More proof England’s Covid-19 outbreak is slowing down? ONS estimates 35,200 people got infected every day last week – a rise of 26% in a week (but the speed of growth has slowed again)
- Office for National Statistics data is based on random swab testing of the population across England
- Its estimates last week were of 27,900 new infections per day and a total of 336,000 over the time period
- Sir Patrick Vallance yesterday said ‘the epidemic is still growing’ and will continue to until R is below one again
An estimated 35,200 people caught coronavirus every day last week, according to official data published today – an increase of 26 per cent from the week before.
A weekly report by the Office for National Statistics calculated that a total 433,300 people in England probably had Covid-19 in the week between October 10 and 16. The estimate was up from 336,000 a week earlier, and the projection of new daily infections was up from 27,900.
Although the data – considered the most reliable indicator of the true size of England’s outbreak – shows the epidemic is still growing, it also suggests it may be slowing down.
Daily cases more than doubled between October 2 and 9, then increased by two thirds (62 per cent) the following week to 27,900 per day by the 9th of the month. But this week’s increase is significantly smaller at 26 per cent.
The data echoes comments by the UK’s chief scientific adviser, Sir Patrick Vallance, who said yesterday that there are now signs local lockdowns are starting to work and that case numbers are beginning to show ‘flattening’ in some areas.
It comes as separate predictions by a King’s College London team make a similar estimate, that there are now 36,000 cases per day across the UK, with 28,000 of them in England.
The data from the King’s study, run with healthcare tech company ZOE, is usually lower than the ONS’s because it estimates only people who get symptoms.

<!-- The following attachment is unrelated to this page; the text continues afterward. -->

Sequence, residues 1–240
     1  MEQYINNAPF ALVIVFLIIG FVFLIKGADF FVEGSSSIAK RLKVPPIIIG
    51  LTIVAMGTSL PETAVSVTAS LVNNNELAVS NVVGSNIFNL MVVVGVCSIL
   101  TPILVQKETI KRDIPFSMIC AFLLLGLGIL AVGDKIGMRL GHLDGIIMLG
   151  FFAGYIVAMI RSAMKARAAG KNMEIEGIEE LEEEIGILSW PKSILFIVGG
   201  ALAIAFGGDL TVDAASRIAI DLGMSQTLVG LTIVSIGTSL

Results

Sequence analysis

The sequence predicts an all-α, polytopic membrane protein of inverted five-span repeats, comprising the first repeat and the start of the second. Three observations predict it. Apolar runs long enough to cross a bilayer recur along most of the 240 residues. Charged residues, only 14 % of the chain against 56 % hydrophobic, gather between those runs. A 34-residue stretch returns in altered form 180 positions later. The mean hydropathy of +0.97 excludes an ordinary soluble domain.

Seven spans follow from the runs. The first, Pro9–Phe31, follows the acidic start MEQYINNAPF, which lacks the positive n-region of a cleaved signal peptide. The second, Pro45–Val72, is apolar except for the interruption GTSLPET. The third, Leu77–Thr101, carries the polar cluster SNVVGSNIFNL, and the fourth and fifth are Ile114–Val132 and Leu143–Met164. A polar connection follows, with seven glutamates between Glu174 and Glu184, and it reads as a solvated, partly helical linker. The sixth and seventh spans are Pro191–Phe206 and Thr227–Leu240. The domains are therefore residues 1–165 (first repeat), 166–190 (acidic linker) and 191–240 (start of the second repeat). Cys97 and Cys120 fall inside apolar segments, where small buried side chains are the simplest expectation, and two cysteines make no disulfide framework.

The ONS’s report is based on random mass swab testing across the population of England, which does not take into account whether people feel ill or not. The same people are tested regularly to see how many of them develop Covid-19 over time.
The ONS, which is an independent body, did not indicate that there was any change in the upward trend of its estimates, saying: ‘The incidence rate has continued to increase in recent weeks.’
But data in its estimates, which come with large ranges of possible numbers as a caveat – this week suggesting the true number of daily infections could actually be as high as 46,600 or as low as 29,800 – suggest the outbreak is not accelerating as quickly as it was at the start of October.
On October 9, the ONS estimated the number of new daily cases had more than doubled from 8,400 to 17,200 in a week – a 104 per cent increase.
On October 16, cases surged again to an estimated 27,900 per day – a rise of 62 per cent from the 17,200 the week before. And this week they rose by 26 per cent to 35,200.
Although this clearly shows the outbreak is still growing in size and the virus still spreading further and wider than before, the rate at which cases are increasing is not as fast.
Sir Patrick Vallance yesterday said he was ‘sure’ that the estimates of new cases of coronavirus would rise today, and indicated they were likely to do so again next week. But he admitted there are signs the rise is slowing.
The fact that the R rate remains above one – SAGE estimates it to be between 1.3 and 1.5 – means that ‘the epidemic is still growing’, he said.
‘As long as R is above one the epidemic continues to grow and it will continue to grow at a reasonable rate – it’s doubling, perhaps, every 14 to 18 days – unless the R comes below one.
‘But I do want to say, there are some areas where we’re beginning to see real effects of what’s happening. There are some indications [that] amongst young people the rates are coming down or flattening off a bit due to the huge efforts that people have made to try to adhere to these changes in behaviours that we need to have in order to get this down.
‘And in some areas of the country we can begin to see a little bit of flattening, possibly. So the measures are having an effect but we’re going to need to do more if the aim is to get R below one and to shrink this epidemic.’
The ONS report suggested that 433,300 people in England had coronavirus last week, up from 336,000 the week before.
The data suggest that around half a million people have been infected in October – some people will be positive for more than one week because the virus can take weeks to clear from the body.